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Can you afford an IT outage?
You don’t have to look hard to find out how disruptive an IT outage can be. British Airways, Delta, TSB, Facebook, Google – all of these companies have experienced devastating outages of late and have all felt the effects afterwards. Yet still, despite these high-profile examples, companies are falling into the trap of failing to act before it’s too late.
But what can firms do to avoid following in the footsteps of the most digitally advanced companies, and stop their system going down – thereby escaping the financial consequences?
Go back to IT infrastructure basics
The first step in managing IT infrastructure more effectively is to go back to basics and do a rudimentary health check. It’s amazing how small, hygiene-factor actions can be missed, which can lead to devastating effects that have the potential to snowball. A benchmark report by the Ponemon Institute this year revealed that an astonishing 71% of IT professionals believe that their organization does not know exactly how many keys and certificates it has. In terms of basic security and administration, this is a worrying number for firms.
The effects were stark. 74% of respondents from the report said digital certificates have caused, and worse, still cause unanticipated downtime or outages; at an average cost per organization of more than $11M. The cumulative cost of an IT outage and the consequent downtime averaged out at $67.2 million per company over just two years. System administration and support time, revenue loss, lost productivity and eroded brand reputation were all consequences. And to think, this could be avoided by keeping certificates in check.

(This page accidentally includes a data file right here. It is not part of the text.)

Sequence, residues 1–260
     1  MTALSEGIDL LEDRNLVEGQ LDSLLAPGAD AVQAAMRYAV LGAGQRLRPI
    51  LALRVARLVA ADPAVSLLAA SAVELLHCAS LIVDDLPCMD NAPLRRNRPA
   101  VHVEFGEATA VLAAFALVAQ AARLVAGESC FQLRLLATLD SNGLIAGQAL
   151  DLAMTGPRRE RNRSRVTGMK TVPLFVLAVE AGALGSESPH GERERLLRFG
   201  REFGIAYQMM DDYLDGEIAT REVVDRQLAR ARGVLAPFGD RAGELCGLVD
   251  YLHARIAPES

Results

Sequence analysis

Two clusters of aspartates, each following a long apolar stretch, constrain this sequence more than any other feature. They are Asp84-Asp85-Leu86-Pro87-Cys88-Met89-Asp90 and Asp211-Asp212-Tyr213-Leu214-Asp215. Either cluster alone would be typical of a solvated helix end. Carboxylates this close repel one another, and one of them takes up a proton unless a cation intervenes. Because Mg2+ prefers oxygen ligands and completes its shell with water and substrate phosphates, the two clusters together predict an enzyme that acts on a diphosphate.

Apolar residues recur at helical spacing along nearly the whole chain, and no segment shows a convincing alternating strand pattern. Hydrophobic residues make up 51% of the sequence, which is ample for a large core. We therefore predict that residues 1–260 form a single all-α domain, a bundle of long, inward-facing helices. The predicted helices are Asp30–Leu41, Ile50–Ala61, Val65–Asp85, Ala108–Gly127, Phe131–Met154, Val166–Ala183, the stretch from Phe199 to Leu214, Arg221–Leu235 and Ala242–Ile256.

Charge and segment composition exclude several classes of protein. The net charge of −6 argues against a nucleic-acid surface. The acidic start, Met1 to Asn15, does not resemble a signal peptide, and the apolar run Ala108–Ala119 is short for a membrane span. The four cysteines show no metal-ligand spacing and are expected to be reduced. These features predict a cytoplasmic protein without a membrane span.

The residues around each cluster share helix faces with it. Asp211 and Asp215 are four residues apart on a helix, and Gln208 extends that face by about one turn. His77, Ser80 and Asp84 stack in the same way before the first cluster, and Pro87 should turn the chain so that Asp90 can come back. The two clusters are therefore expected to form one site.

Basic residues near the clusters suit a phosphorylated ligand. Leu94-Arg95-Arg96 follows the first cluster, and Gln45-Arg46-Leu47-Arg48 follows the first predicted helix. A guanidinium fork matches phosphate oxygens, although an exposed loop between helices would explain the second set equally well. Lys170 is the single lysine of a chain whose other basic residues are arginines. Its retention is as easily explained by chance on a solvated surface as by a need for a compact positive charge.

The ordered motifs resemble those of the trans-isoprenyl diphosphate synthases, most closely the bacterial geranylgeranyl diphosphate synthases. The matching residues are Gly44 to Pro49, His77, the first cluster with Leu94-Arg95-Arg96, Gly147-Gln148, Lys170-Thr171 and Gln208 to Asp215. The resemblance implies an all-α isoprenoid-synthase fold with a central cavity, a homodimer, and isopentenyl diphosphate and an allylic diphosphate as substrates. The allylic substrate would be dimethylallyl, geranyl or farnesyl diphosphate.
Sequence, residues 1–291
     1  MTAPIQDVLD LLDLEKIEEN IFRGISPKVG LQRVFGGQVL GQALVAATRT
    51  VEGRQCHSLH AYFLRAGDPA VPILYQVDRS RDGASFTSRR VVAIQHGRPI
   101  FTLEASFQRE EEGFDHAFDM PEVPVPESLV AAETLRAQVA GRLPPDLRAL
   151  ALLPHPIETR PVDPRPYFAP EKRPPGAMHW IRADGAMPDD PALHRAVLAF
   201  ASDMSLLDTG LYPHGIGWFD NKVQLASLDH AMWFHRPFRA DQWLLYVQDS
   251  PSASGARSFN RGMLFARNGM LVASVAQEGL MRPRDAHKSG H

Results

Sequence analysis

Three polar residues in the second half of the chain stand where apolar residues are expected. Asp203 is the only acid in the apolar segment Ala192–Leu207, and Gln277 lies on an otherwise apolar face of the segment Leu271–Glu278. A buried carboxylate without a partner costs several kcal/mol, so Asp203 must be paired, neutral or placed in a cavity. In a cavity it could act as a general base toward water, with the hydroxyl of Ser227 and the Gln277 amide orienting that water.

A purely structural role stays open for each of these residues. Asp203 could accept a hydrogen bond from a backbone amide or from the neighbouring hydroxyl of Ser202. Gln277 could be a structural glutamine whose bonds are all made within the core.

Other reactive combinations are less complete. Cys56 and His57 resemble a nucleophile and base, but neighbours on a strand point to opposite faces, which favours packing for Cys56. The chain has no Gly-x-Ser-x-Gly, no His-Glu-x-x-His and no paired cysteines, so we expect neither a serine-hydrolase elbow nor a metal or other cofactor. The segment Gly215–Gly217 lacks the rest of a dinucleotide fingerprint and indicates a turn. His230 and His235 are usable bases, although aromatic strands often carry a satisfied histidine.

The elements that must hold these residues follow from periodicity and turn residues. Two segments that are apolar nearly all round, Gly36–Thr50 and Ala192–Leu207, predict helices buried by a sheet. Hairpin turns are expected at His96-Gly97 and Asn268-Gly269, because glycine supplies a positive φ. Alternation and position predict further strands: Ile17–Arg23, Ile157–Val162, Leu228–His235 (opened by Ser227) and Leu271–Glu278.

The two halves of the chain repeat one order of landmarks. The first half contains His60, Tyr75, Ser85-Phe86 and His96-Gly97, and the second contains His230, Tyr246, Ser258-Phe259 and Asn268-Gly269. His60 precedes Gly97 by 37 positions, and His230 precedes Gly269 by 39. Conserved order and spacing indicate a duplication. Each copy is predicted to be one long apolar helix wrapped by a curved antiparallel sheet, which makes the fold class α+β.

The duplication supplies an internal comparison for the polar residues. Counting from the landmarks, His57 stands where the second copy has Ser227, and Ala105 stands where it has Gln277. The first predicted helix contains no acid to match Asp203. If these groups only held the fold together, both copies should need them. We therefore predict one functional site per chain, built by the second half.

Get your head out of the clouds
In the rush to move operations into the Cloud, often to enable new business practices such as digital transformation, some companies have lost sight of their IT strategy, and how they monitor system health, as there are so many composites. This results in a mélange of decentralized and disconnected monitoring tools, heightening the risk of disruption as no one is quite sure of how the system operates.
Operating in the Cloud also adds another element of risk – the supply chain. Whilst the supply chain has always been a risk (such as O2 seeking up to £100 million from Ericsson for its one-day data outage), a cloud provider going down would be a massive issue for firms to overcome. In fact, Lloyd’s Insurance and risk-modeler AIR Worldwide have calculated that one incident for a top cloud provider (such as Google or AWS) in the US for three to six days, would result in $15 billion losses. Even a fraction of these numbers would significantly hurt most companies, so it’s abundantly clear that appropriate measures must be taken to mitigate risk.
Don’t just throw away legacy IT systems
To prevent and IT outage, firms also need to have a better appreciation of legacy IT systems, and their importance within the wider infrastructure. As IT systems have become more sophisticated and the consumerization of IT has led to more innovative, customer-facing systems, infrastructure has been patched together. The problem many firms face is that legacy cannot simply be ripped out and started from scratch – these systems underpin key functions, leaving the IT department with difficult decisions to make with regard to effectively integrating older systems with new modernized applications. A key to avoiding and IT outage is understanding and appreciating how these systems work – keeping them healthy and therefore the business.